The only way to see it is open the main menu and click the character info tab, which is just irritating. When you hover over your character, you get a “Wounded:” display, but that’s not the amount of health you’ve lost. Oddly, if you hover over an enemy, you can see their health points, but not your own characters.

Health is also not shown out of battle, not even as a health bar. So you can finish up one fight, and there’s no useful reminder that one of your characters is on one-third health. You then talk to someone and trigger the next fight, only to realise all your characters are completely knackered. It would be good to add a display of health outside battle. Even better, in my opinion, would be to issue a pop-up on entering combat: “You have 2 characters below 66% health. Do you want to use your medkits to heal them before battle commences?”


The arrow in the bottom right of the screen brings up a dialog where you can select upgrades for your team-mates. Once you’ve finished, or if there are no upgrades to apply, it looks like this:

Pop-up window for upgrading your team-mates. Can you work out at a glance how to close it?

Pop-up window for upgrading your team-mates. Can you work out at a glance how to close it?

How do you close this? My initial guesses were pressing escape (nope), clicking on the main interface (nope), and clicking the arrow that had made it appear in the first place (nope). Although it’s not very obvious, that cancel button is blue rather than grey, indicating that is clickable, while the other two buttons aren’t. So the cancel button in the middle of the window (not even in a corner) cancels the dialog. Again, this just makes the interface a little awkward to use.

Auto Assists

One principle in user interfaces is that if you know what the user will want to do next, automate for them or at least offer them the option immediately. Dragonfall does this well in a few places, which is nice and shouldn’t go overlooked. For example, when you finish combat, you would probably want to cast your heal-last-wound spell that Dietrich has. Rather than leave it to you to case every time, the designers just automatically make your last wound heal after combat. In a lot of these cases, it’s so convenient, you don’t even think about the possibility of the less usable alternatives.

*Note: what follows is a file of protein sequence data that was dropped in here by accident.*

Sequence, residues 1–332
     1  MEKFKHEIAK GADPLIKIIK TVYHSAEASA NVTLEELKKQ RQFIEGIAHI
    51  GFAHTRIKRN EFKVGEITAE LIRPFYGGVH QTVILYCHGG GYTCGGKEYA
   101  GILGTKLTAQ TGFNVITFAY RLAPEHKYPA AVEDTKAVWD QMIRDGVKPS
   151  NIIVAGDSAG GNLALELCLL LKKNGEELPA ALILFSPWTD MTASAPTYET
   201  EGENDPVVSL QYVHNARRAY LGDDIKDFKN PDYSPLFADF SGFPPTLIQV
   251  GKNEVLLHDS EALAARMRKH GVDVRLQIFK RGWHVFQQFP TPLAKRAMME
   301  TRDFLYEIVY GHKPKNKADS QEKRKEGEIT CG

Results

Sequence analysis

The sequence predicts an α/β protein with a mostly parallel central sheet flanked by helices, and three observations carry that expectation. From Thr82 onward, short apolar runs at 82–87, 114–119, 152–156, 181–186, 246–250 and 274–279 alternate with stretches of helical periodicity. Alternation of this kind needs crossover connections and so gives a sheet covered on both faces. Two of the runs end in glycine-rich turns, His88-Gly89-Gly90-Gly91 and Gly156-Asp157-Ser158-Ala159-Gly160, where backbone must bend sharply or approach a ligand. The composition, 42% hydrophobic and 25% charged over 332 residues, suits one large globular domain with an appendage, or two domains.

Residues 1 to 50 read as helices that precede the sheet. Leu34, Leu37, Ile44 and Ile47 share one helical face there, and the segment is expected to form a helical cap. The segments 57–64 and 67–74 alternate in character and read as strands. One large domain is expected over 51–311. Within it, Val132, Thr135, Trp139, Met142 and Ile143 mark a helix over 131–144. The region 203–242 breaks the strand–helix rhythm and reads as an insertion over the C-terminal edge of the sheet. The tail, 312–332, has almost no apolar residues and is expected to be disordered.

As another example, after you have finished shopping, you automatically get a window for swapping items between your character and your stash, rather than having to run all the way back to your HQ to do so, which is handy. It does make for a slight oddity though: if you close that screen too early, your only options to re-open it are to run all the way to your stash, or buy something else small to re-open it. I don’t see an obvious reason not to permit exchanging with your stash at all times while you’re in the central hub.

And As For The Game…

I’m a huge XCOM fan, and Shadowrun Dragonfall felt like a slightly weaker take on the genre. The combat is similar, but a bit worse in Dragonfall. The plot and characters were decent enough, but I wasn’t too hooked, and I think my perceptions were coloured by the game being a bit over-long. Playing as a Decker, I enjoyed the little hacking bits, and having to keep your decker’s body safe while they urgently try to hack turrets and unlock doors made for a nice spin on things. I also appreciated the chance to use conversation to avoid a lot of fights or choose sides — some of the decisions you make have shades of games like Mass Effect and The Witcher. I enjoyed Dragonfall enough that I’ll probably pick up its sequel Shadowrun: Hong Kong once it comes out.

Review note: I played Shadowrun: Dragonfall (Director’s Cut) v2.0.8 on PC in April/May 2015.